Today, I’m wrapping up our 4-part series on the topic, “Why They Don't Join.”
While I personally don’t believe this is the biggest growth problem that membership organizations face, it is probably the most popular one for people to talk about. It is undeniably frustrating to know that your organization can help, but people won’t take that one step forward to become a member.
If you’ve missed the previous topics in this series, use these links to catch up:
Week 1 – their needs are being satisfied without joining
Week 2 – they’ve gone offer-blind
Week 3 – they need something different than what you’re offering
I would be remiss if I didn’t spend one week in this series talking about the impact of subscription fatigue.
Have you noticed the massive increase in services that are available via subscription in recent years? It’s no longer just associations and trade groups wanting recurring dollars. It is entertainment channels, food delivery services, warehouse buying clubs, services that let you rent clothing and handbags, even personal care items like cosmetics and shaving razors.
I saw one study recently that said that 80+ percent of companies would be offering some type of recurring product or service by the end of 2020. Eighty percent! That is mind-boggling.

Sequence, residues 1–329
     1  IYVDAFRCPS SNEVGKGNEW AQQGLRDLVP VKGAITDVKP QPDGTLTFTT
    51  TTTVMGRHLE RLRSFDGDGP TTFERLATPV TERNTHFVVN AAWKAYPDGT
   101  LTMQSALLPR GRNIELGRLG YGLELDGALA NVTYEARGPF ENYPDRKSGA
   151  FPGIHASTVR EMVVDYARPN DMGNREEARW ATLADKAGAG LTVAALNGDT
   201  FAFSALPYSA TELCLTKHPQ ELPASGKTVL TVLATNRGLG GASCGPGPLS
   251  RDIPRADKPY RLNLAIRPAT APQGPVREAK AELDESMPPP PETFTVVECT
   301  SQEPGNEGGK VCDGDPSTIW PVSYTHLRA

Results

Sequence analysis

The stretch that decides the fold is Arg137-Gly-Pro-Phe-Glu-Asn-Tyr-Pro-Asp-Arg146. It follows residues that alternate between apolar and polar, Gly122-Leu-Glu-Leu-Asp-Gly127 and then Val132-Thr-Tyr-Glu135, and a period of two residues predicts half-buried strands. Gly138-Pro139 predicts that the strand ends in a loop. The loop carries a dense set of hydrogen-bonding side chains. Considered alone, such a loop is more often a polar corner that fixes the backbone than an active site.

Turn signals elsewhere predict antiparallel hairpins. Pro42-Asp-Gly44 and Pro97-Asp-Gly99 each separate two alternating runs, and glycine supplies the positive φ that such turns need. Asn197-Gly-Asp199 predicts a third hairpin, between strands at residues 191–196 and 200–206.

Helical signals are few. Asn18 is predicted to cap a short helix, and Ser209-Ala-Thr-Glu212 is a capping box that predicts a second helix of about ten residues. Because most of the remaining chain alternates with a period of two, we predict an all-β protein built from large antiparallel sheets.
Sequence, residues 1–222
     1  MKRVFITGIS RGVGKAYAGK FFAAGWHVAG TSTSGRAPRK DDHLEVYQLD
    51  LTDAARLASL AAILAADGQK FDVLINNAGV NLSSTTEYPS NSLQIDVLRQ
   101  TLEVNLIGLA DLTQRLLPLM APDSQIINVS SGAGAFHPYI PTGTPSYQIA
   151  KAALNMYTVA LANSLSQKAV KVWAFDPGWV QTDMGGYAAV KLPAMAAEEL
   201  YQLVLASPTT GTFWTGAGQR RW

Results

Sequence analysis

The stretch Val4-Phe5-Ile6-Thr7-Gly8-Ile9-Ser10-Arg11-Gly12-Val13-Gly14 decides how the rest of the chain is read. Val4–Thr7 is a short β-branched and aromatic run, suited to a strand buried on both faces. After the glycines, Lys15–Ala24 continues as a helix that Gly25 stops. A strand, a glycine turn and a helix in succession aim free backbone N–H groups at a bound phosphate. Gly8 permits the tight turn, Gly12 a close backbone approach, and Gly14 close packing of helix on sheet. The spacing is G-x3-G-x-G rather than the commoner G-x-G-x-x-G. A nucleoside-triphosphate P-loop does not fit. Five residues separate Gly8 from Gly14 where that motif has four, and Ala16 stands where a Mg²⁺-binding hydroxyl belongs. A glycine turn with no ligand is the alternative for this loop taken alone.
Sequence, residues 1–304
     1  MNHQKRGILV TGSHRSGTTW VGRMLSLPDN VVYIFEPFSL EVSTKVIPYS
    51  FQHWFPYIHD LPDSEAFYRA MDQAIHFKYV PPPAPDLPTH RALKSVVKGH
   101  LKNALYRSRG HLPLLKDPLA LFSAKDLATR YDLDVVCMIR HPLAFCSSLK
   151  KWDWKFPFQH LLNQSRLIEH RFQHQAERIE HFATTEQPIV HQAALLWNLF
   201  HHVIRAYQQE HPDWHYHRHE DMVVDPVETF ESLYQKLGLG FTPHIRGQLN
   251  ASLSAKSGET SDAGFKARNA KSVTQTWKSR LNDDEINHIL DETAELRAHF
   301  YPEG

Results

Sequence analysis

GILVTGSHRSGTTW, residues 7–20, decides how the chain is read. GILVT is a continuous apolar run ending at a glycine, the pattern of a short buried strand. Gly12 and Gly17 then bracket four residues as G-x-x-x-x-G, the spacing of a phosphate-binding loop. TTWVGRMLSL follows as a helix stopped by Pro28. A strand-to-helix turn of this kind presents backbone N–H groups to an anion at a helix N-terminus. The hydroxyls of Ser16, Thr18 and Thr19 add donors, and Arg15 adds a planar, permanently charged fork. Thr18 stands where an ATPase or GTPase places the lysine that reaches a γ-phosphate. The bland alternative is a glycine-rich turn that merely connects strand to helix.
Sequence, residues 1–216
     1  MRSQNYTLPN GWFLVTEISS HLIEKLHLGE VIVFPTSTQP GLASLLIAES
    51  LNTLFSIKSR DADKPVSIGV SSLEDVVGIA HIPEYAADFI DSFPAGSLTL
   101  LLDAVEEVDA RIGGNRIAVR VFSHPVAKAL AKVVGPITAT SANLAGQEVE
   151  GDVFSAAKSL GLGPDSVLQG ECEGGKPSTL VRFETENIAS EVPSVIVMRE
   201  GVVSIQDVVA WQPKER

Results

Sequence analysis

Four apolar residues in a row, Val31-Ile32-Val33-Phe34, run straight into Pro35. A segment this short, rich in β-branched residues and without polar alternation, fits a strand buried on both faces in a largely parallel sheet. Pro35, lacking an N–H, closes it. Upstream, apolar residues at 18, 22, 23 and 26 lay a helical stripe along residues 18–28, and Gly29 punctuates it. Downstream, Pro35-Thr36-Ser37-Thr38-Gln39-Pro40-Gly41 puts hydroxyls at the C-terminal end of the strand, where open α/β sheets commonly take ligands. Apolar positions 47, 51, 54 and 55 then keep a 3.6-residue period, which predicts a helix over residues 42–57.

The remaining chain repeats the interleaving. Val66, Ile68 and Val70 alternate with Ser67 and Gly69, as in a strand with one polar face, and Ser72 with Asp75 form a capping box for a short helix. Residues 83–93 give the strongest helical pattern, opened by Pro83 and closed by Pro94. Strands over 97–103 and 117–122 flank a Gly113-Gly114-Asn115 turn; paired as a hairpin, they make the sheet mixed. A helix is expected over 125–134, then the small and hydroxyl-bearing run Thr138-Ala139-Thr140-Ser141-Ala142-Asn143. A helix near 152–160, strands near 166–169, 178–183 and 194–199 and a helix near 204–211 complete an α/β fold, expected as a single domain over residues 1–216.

The result of all of this is that there is more competition than ever before for a share of these dollars.
I say this not to be discouraging, but to amplify the idea that your value proposition must be stronger than ever before if you want your organization’s recurring invoice to be the one that is paid month after month and year after year.
So, how do you combat subscription fatigue? In a word, creativity… but here are a few specific tips:
- Be essential. Are you offering anything that someone in your industry or concerned about your cause simply can’t be without, anything that can’t easily be replaced? Walking away from the only goose that lays golden eggs would be pretty tough.
- Pre-address the objections. Be open-minded about the reasons people wouldn’t join. Whether you agree or not is irrelevant. Common objections might be budget, time to participate, won’t use enough benefits to be worthwhile, already involved in a similar organization, etc.
- Develop new options. Your existing membership levels and benefit bundles may need to be revisited. Consider creative new options like virtual-only memberships, create-your-own group rates, or a la carte menus that allow every member to choose exactly the right benefits for themselves.
I’d love to hear your thoughts on subscription fatigue. Is this something that you’ve noticed in members – or perhaps in yourself?